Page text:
Bear claws and marten squatters: Discover mountain wonders during Steamboat’s Ski with a Naturalist tours
STEAMBOAT SPRINGS — On an inconspicuous section of the long, meandering Why Not trail at Steamboat Resort, a group of skiers gathered around an aspen tree.
The tree seemed to be no different than its neighbors, swaying in a soft breeze, its bark shining a waxy luminescence in the sunlight. That is, until naturalist Annie Padgitt pointed out five small, round markings on the trunk semi-circled around a larger marking the shape of Australia.
“Can anyone guess what made these markings?” Padgitt asked the group.
After a few murmured guesses, she informed them that a bear’s claw had left the etchings, in the same way lovers carve their initials into tree bark. Padgitt surmised a mother bear was teaching her cub to climb, gesturing to a smaller paw print below the larger one.
“Aspens tell a history through their scars,” she said.
The group was part of Yampatika’s Ski with a Naturalist biweekly mountain tours. Guides take people on hour-long excursions down the upper portion of Why Not, stopping along the way to discuss nature facts or investigate curios.
“If you notice anything in particular, you want to stop and check out, just give a shout, and we can pull over,” Padgitt told the group.
Every tour is different, depending on people’s interests and whatever creatures they may encounter. One woman gasped after a plume of snow suddenly fell from a nearby pine tree. She pointed to a pudgy squirrel scurrying along one of the branches.
What: Ski with a Naturalist tours
When: 1:30 p.m. every Tuesday and Thursday
Where: Meet at the Why Not trail sign outside Thunderhead Lodge at Steamboat Resort
“Our main goal is to accomplish that sense of wonder when people get outside,” said Lexi Stine, Yampatika’s director of adult programs. “There are little things they never stopped to look and see.”
As Stine explained, winter is not the sleepy season many people expect when they think of bears hibernating in their dens.
In the space between the ground and the bottom of the snowpack, called the subnivean zone, a zoo of creatures continues about their daily routines, insulated from the cold. Mice dig tunnel systems and build shelters, shrews search for unfrozen insects to eat, all the while evading hungry predators, such as the foxes that pounce through the snow in an effort to plunge their snouts to a meal.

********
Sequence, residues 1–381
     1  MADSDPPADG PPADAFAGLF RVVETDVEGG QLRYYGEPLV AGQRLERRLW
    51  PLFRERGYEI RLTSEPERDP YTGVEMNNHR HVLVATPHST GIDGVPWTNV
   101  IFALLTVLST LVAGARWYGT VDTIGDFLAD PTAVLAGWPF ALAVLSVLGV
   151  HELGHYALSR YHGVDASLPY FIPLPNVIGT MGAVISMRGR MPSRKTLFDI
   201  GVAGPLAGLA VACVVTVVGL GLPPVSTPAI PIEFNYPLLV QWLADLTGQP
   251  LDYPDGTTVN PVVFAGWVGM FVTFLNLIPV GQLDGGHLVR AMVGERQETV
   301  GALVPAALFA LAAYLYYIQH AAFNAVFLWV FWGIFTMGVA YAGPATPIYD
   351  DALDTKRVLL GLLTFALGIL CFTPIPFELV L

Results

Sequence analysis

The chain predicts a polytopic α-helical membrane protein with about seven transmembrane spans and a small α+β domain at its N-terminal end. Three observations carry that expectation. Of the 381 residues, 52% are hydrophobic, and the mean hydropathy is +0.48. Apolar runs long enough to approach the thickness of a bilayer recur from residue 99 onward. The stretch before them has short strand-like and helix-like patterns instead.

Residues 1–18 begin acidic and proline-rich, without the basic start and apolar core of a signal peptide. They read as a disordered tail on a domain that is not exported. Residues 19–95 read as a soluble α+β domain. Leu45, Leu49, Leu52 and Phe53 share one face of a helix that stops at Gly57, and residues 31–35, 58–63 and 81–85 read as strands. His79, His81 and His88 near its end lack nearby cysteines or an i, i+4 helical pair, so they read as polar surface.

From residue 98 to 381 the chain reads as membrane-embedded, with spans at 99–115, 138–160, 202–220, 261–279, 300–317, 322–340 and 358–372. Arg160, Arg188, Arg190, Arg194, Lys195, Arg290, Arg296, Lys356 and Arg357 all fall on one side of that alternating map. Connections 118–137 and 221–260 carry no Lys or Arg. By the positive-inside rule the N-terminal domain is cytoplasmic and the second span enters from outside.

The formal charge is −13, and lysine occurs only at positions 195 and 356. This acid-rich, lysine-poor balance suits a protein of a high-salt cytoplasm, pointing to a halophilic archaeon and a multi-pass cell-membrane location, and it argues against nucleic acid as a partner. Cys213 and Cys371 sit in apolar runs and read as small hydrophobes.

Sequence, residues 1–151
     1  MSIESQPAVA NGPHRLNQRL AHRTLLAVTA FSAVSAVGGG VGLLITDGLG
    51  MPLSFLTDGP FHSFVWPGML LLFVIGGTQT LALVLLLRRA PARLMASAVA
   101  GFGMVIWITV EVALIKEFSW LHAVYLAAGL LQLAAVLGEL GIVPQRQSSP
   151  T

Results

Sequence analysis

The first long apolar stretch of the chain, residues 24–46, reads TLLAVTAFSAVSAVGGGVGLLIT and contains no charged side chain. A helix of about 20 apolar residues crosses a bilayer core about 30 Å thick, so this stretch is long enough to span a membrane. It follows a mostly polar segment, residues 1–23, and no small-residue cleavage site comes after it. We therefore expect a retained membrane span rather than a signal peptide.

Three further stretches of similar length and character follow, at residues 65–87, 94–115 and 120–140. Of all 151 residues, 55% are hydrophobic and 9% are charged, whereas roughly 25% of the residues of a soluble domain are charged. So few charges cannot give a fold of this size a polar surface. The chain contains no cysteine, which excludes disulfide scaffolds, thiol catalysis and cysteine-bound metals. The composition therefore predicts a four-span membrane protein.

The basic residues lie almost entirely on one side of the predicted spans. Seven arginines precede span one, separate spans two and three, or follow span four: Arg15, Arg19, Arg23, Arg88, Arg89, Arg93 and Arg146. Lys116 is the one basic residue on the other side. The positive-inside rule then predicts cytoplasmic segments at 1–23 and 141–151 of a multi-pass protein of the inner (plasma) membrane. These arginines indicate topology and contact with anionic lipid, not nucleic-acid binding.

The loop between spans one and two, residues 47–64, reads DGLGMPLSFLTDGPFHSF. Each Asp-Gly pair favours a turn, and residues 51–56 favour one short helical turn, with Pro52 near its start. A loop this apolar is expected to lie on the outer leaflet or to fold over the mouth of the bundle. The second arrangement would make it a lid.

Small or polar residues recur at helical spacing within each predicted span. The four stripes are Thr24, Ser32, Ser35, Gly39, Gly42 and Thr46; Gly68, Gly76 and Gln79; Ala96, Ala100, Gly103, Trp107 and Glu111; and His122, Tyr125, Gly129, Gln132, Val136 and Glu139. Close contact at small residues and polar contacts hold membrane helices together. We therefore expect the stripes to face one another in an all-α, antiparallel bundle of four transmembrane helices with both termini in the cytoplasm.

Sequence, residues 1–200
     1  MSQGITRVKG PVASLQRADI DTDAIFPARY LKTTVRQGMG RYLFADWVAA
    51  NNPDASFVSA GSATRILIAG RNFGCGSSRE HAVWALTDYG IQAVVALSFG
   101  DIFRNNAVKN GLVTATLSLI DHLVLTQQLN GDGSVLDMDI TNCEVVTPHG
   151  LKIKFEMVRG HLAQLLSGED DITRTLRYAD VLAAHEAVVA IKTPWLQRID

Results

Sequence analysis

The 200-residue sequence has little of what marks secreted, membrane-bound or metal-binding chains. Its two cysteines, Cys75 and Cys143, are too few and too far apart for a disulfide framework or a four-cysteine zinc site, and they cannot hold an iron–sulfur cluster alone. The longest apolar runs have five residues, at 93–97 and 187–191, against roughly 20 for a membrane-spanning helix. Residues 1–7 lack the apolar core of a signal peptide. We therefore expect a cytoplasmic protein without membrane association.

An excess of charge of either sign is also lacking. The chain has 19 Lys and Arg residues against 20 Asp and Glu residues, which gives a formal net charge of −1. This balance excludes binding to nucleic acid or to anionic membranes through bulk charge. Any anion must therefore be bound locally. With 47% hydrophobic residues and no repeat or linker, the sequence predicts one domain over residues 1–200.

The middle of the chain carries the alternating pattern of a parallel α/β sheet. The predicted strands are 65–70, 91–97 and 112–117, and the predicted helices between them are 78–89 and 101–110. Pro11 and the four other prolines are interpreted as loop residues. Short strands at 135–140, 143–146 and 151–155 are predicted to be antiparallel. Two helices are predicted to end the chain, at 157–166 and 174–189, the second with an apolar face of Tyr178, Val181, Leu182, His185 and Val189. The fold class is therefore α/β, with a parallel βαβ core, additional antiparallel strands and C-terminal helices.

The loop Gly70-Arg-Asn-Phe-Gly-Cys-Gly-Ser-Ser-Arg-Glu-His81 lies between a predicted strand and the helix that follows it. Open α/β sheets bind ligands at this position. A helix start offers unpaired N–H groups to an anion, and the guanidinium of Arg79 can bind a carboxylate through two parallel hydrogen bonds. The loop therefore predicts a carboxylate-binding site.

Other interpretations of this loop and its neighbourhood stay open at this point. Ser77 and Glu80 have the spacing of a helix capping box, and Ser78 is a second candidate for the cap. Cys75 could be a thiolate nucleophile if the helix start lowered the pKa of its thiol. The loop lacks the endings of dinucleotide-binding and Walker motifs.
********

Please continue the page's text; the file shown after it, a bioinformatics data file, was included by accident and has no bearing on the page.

“There is a vast network of life occurring right under our feet,” Stine said.
While many animals get along just fine throughout the winter months in their burrowed homes beneath the snow, some have taken advantage of the manmade infrastructure at Steamboat Resort.
Padgitt recounted one predicament that arose a few years ago when some pine martens, which resemble ferrets, infiltrated the Four Points Lodge. The animals found an easy supply of food there and considered it a cozy place to call home.
Resort staff became privy to the furry squatters when the martens triggered a security alarm. Steamboat Ski Patrol rounded up the animals, according to Padgitt, and wildlife officials relocated them 10 miles away.
While tour groups tend to consist of mostly tourists, some curious residents partake to get answers to questions they have wondered for years, Stine said.
The woman who gasped at the squirrel, Margaret Fauley, has a home in Steamboat but lives most of the year in Chicago. She was on her second Ski with a Naturalist tour, this time with her husband, Sean, and her adult son Taylor.
“It’s a great way to appreciate all the mountain offers,” Fauley said. “When you really open your eyes, there’s just so much see.”
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